Of life and death and other stuff

Slowly trying to get back in the blogging habit after an Xmas hiatus and birthday shenanigans, actually shenanigans were few and far between, I’m getting too old now.

I have about 20 unfinished posts that I need to work through, not in the sense I have been torturing myself on how to write them, I just started and then had to do something else and never went back to them.    I read about other people’s writing habits how they go back to a post half a dozen times reading it over and over to make them perfect, I’ve never done that, preferring to bang them out quickly (I’m an expert in banging things out) but then you can probably tell that from reading them.

You may recall my Nan died the other week, I went back home to her funeral, it was my first burial.  The surroundings were nice as far as churches and graveyards go, it was settled below the South Downs covered in snow, the churchyard sitting at the end of a country lane.

These aren’t my photos, you can tell as there is no snow in them and I already said it was covered in snow, and I also thought taking photos at a funeral wasn’t wise.  You can read more about the church here, it’s quite interesting, there is a giant Yew tree which is being supported by rather unorthodox scaffolding


This was the view from outside though you could barely see The Long Man of Wilmington, the chalk figure etched into the hillside, since it blurred in with the snow


I honestly thought we would be the only ones there as my Nan was rather reclusive, but then many elderly people arrived, maybe about 20 in total.   I was convinced it’s like when girlfriends get married and judge each others weddings trying to outdo each other, were these elderly ladies taking notes on the type of funeral they wanted?

If so they would have gone away with little, it was very quick.  The host – the religious guy/priest/vicar/father (I’m not sure what rank he was) read out a few chapters of the Bible, we forbade singing and eulogies.  The coffin lowered into the ground on top of her husband who had passed before I was born.  This made me think of sexual positions and we joked what if they had lain them in a 69 position – Laughter really is the best medicine even when it is wholly inappropriate.

There was a nice touch when one single rose remained on the coffin as it descended, Rose was her name after all.   It made me think of the Guns ‘n’ Roses singer, Axel Rose, would he have a Rose on his coffin or would you place part of a car chassis on it?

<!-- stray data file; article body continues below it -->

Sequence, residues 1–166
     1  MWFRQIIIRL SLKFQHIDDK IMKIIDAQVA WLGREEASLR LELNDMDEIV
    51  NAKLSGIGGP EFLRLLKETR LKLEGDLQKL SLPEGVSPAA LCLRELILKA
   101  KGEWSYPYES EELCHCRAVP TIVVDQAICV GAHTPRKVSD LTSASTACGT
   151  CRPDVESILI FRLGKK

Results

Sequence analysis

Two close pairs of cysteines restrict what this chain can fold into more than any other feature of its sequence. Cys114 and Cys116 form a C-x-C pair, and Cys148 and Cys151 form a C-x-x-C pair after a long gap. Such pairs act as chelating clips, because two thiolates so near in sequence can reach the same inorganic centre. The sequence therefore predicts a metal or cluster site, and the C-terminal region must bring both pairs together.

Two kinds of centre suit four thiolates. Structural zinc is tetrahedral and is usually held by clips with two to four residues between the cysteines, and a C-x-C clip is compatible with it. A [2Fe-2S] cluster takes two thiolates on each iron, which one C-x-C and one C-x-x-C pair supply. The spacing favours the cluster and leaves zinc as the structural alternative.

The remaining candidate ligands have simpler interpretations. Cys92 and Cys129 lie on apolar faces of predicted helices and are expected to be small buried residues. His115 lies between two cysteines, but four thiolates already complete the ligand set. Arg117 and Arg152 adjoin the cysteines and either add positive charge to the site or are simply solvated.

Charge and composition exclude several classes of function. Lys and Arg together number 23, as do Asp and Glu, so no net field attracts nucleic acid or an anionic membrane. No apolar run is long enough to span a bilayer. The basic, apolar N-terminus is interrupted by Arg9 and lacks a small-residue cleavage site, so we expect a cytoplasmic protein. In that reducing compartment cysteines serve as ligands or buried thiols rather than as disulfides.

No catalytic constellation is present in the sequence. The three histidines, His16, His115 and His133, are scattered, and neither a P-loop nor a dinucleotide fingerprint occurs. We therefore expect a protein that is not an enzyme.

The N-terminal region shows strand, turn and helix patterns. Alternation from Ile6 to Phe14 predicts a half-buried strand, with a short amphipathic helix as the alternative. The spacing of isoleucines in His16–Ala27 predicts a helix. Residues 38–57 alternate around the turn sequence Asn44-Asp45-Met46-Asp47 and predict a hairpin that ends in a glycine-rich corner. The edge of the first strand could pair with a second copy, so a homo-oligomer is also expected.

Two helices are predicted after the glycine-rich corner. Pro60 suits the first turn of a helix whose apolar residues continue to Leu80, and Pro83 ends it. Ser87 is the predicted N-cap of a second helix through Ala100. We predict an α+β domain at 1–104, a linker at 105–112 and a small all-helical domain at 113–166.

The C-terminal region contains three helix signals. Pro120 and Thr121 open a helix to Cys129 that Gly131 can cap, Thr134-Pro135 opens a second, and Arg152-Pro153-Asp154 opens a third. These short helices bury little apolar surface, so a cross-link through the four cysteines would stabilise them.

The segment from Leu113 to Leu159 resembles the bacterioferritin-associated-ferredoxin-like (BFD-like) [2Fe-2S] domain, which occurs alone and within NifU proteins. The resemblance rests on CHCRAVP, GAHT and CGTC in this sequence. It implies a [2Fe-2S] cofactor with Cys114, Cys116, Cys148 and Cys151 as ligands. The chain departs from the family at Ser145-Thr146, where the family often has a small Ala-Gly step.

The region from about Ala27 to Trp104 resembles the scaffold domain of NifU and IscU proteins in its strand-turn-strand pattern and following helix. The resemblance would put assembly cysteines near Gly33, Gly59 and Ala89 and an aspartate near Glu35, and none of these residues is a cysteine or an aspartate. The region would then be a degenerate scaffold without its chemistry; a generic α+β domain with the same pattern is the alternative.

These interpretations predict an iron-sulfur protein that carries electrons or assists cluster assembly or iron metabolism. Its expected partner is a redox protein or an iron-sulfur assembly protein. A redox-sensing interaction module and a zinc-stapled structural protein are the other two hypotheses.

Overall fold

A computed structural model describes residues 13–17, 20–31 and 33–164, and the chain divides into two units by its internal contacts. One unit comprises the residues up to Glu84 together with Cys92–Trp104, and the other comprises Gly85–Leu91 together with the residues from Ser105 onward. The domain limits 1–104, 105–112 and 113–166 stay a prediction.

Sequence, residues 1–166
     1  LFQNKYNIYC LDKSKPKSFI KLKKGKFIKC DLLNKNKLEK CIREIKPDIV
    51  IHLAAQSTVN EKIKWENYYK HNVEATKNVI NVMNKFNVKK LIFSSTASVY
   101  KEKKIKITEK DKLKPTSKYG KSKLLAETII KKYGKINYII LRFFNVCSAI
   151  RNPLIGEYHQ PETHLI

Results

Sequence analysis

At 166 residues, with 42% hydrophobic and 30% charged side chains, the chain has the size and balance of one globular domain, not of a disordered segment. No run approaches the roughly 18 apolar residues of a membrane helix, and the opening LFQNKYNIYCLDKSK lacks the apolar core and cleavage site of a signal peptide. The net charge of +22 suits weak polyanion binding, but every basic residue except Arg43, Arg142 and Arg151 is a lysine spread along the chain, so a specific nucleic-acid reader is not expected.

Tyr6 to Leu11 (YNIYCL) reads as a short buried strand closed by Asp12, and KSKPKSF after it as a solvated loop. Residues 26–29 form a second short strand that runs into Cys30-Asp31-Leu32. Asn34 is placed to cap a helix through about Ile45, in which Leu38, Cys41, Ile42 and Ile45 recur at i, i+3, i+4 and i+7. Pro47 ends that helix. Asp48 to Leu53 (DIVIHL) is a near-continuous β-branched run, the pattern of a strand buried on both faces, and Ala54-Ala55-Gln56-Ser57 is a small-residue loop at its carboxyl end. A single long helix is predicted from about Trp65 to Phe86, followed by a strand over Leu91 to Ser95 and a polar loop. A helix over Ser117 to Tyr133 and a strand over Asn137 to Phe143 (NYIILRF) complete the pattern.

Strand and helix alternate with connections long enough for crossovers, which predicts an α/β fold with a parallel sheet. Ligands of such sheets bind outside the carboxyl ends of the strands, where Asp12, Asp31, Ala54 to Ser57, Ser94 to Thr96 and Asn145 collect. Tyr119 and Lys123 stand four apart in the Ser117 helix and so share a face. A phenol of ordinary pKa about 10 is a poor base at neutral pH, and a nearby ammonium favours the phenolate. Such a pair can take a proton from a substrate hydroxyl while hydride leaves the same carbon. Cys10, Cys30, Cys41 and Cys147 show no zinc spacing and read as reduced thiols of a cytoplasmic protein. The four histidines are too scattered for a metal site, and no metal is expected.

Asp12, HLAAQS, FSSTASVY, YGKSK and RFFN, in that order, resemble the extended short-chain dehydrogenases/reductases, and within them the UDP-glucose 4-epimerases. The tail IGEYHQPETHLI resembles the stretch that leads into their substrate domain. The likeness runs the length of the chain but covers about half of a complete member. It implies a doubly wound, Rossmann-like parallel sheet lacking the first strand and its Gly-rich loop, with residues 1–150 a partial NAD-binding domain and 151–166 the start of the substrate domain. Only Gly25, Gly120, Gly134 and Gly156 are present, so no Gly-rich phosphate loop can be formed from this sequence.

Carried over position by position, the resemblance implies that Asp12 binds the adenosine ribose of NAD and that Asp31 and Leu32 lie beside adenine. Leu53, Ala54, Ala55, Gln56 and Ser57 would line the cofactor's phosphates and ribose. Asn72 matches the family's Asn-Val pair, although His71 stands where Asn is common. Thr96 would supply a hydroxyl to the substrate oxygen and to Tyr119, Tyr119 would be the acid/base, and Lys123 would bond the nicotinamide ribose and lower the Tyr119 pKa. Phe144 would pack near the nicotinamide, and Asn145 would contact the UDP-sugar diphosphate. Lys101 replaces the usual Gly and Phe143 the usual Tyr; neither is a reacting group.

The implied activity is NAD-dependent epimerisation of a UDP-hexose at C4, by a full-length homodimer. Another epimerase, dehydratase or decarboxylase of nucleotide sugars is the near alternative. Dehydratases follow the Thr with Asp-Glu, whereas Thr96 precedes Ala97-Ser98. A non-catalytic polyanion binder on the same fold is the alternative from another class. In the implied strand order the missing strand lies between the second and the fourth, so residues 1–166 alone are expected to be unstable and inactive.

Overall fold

The vicar wore this grand cape, there was a nip in the air but I found it all a bit theatrical of him.  We joked he was parodying Dracula, and we told people who didn’t attend that we found him squatting atop a gravestone and he leapt off splaying his cape and cackling at us on our arrival.


Camp Dracula

We went round her house the next day, we turned into vultures picking at the scraps of her vintage furniture (I’ve earmarked a drinks bureau).  The stench of urine was pretty intoxicating, but I remembered she always smelt this way 30 years ago, she was 91 when she died.   I hope someone has the decency to tell me I smell, maybe you don’t notice it yourself.   But then I’ve spent the whole afternoon with bits of food in my teeth after having a sandwich on poppy-seed bread and no one had the decency to tell me.

There was a tragic event in Camden Town this week, a 9 metre long shop sign fell on some poor chaps head killing him.   What is amazing is only one person was hit, I walk this stretch of road and it is always busy, and I always walk under that sign of the bookies to check the latest odds in their window.   The news report retrieved statements from many witnesses, all declaring “It’s awful, it could have been me”

What a strange thing to say.  You never say these things when people are rewarded with good luck.  When a couple win £120 million on the lottery no one says “That could have been me”  You just curse them for outwitting the billion to one odds of a winning ticket.

Maybe a terrible event  just makes us question or own mortality.  These random events do strike a chord – they are so sudden.  Tragic accidents occur every day on the roads but there is almost an inevitability to some of those due to the statistics.  There are always some cyclists being killed in my area, but it can be a dangerous thing to cycle in London, there is always an element of risk.  But then you could be in a major city and a tiger attacks you as you stop for a coffee as befell some other poor soul – would that be higher or lesser odds than winning £120 million on the lottery?